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SHR Neuro Krebs Kardio Lipid

Scheipl, S; Igrec, J; Leithner, A; Smolle, M; Haybäck, J; Liegl, B.
[Chordoma: is there a molecular basis for diagnosis and treatment?]
Pathologe. 2020; 41(2):153-162 [OPEN ACCESS]
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Autor/innen der Med Uni Graz:
Haybäck Johannes
Igrec Jasminka
Leithner Andreas
Liegl-Atzwanger Bernadette
Scheipl Susanne
Smolle Maria
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Abstract:
Chordomas are malignant bone tumours with a reported annual incidence of 0.08 per 100,000 cases. They show a notochordal differentiation and are characterised by their nuclear expression of brachyury (TBXT). Chordomas are localised in the axial skeleton, where they occur from the clivus to the sacrococcygeal region. They are slow growing, locally destructive tumours, and are often not diagnosed until they have reached an advanced stage. Putative precursor-lesions are benign notochordal cell lesions, which are microscopically small and intraosseous. Different histological chordoma subtypes exist, which differ in their prognosis. To date, there are no known recurrent genetic drivers for this disease. Brachyury seems to play a key role in the pathogenesis of chordoma, though the detailed mechanism still needs to be elucidated. Surgical en bloc resection with negative margins is the only curative treatment for this disease. High-dose irradiation, particularly with protons and carbon ions, is a therapeutic alternative in cases of inoperable tumours. Currently, there is no approved medical treatment for chordoma. Clinical trials exploring additional therapeutic modalities are ongoing.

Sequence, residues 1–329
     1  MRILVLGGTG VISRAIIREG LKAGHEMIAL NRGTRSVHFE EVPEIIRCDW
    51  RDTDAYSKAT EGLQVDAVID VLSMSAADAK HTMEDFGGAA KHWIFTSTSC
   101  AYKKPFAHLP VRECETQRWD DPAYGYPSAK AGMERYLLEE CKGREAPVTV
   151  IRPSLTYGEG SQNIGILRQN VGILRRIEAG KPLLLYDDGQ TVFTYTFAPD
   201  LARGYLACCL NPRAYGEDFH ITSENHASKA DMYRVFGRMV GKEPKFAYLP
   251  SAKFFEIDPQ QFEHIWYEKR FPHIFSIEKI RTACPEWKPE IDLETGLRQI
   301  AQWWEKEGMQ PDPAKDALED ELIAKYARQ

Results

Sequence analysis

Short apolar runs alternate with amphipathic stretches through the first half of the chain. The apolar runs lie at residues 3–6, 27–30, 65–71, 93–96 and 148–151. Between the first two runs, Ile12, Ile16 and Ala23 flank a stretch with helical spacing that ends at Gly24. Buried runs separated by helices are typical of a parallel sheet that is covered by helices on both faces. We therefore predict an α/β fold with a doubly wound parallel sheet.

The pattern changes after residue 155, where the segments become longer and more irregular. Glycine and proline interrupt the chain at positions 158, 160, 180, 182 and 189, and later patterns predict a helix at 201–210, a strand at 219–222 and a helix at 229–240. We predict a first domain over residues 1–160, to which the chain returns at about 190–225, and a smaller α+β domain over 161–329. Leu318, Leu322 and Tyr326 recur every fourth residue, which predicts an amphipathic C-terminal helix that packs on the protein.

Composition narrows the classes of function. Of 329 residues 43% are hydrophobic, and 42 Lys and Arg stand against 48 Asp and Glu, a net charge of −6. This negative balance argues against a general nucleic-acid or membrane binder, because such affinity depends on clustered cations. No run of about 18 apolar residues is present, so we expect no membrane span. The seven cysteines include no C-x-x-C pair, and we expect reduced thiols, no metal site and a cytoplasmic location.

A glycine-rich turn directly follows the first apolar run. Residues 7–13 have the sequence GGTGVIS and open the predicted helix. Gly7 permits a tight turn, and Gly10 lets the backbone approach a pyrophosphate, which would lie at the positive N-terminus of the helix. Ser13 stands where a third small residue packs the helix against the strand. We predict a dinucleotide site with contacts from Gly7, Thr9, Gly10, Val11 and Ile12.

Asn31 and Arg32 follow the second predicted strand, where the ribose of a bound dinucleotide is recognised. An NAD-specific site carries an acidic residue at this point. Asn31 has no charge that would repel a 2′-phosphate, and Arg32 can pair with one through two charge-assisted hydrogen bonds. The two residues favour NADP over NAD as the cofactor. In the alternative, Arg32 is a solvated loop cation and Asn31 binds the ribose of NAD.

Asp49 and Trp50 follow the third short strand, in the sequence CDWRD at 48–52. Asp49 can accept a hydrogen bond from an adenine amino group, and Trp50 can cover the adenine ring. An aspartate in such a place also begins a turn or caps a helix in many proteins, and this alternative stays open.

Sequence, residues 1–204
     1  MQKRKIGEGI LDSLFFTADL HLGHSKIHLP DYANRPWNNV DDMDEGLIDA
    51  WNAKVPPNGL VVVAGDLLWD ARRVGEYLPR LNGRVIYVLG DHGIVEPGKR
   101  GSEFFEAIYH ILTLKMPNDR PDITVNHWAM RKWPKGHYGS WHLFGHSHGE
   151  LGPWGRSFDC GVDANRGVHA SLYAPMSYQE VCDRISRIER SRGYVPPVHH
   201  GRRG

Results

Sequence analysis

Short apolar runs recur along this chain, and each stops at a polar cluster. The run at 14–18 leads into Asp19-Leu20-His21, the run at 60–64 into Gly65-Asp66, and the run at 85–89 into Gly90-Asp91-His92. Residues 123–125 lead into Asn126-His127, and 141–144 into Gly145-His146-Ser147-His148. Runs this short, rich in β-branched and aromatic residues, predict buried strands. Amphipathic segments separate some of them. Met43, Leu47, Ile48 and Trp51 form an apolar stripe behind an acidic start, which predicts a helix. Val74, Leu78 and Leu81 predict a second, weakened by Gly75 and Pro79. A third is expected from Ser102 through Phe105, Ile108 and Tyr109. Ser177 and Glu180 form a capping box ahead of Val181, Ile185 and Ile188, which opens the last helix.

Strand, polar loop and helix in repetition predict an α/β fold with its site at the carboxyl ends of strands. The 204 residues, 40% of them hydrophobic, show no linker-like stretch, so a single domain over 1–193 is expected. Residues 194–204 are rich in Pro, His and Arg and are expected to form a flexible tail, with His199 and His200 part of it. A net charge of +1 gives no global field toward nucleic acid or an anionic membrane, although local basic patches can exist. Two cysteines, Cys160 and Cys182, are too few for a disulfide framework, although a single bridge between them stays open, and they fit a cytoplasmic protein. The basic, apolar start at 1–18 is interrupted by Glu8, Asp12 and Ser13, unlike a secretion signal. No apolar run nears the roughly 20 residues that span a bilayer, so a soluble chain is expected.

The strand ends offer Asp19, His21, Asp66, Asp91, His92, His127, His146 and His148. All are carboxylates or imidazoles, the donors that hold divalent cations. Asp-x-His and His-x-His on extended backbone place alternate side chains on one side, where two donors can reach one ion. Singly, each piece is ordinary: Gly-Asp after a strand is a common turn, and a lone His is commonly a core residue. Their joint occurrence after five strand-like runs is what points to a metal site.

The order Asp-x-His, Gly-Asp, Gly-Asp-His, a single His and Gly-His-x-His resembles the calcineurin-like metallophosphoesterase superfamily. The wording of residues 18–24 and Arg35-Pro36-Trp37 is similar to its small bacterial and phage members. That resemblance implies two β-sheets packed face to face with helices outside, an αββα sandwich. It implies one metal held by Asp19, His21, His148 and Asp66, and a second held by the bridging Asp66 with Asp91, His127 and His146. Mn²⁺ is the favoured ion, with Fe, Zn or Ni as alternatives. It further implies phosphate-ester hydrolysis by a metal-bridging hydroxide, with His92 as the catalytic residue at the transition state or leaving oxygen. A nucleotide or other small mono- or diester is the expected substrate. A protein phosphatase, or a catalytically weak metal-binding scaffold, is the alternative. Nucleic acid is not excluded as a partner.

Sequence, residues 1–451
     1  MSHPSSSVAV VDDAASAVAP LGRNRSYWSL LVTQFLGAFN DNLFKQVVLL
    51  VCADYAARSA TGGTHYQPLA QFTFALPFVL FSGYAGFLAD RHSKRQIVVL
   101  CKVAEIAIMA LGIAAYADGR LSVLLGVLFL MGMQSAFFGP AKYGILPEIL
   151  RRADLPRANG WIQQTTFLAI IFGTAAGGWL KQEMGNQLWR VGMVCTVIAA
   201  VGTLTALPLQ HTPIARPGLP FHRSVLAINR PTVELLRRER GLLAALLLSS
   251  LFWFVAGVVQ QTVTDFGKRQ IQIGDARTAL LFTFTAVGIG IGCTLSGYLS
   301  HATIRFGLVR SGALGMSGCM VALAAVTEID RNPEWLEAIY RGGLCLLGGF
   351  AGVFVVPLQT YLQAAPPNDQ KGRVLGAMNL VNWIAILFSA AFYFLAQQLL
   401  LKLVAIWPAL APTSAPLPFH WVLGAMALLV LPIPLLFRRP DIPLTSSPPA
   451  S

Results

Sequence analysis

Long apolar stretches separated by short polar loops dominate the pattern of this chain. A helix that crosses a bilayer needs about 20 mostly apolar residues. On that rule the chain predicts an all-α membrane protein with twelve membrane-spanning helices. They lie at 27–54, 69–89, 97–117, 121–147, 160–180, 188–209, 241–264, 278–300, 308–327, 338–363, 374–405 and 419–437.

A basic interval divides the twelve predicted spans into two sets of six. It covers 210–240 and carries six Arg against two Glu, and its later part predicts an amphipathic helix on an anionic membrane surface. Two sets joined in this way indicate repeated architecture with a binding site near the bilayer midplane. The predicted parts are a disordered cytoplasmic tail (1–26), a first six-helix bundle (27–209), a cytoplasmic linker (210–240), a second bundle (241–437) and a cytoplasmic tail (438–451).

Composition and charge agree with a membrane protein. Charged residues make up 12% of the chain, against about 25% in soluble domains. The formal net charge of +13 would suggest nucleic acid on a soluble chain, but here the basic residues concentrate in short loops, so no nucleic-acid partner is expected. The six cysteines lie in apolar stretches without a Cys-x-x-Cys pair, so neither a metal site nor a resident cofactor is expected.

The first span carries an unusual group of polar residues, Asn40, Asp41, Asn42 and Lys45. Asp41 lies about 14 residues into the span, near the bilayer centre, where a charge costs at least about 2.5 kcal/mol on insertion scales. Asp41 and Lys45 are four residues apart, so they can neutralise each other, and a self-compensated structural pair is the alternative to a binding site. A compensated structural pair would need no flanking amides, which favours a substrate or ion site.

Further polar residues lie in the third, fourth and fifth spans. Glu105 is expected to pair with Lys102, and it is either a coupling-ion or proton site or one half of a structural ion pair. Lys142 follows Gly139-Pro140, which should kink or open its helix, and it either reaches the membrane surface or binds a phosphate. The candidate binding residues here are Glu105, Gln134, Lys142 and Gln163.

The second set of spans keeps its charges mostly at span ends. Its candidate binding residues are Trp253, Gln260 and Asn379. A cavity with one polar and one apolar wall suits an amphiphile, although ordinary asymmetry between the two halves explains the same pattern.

Find related publications in this database (Keywords)
TBXT
INI1
Classic chordoma
Chondroid chordoma
Poorly differentiated chordoma
Dedifferentiated chordoma
Heavy ion irradiation
En-bloc resection
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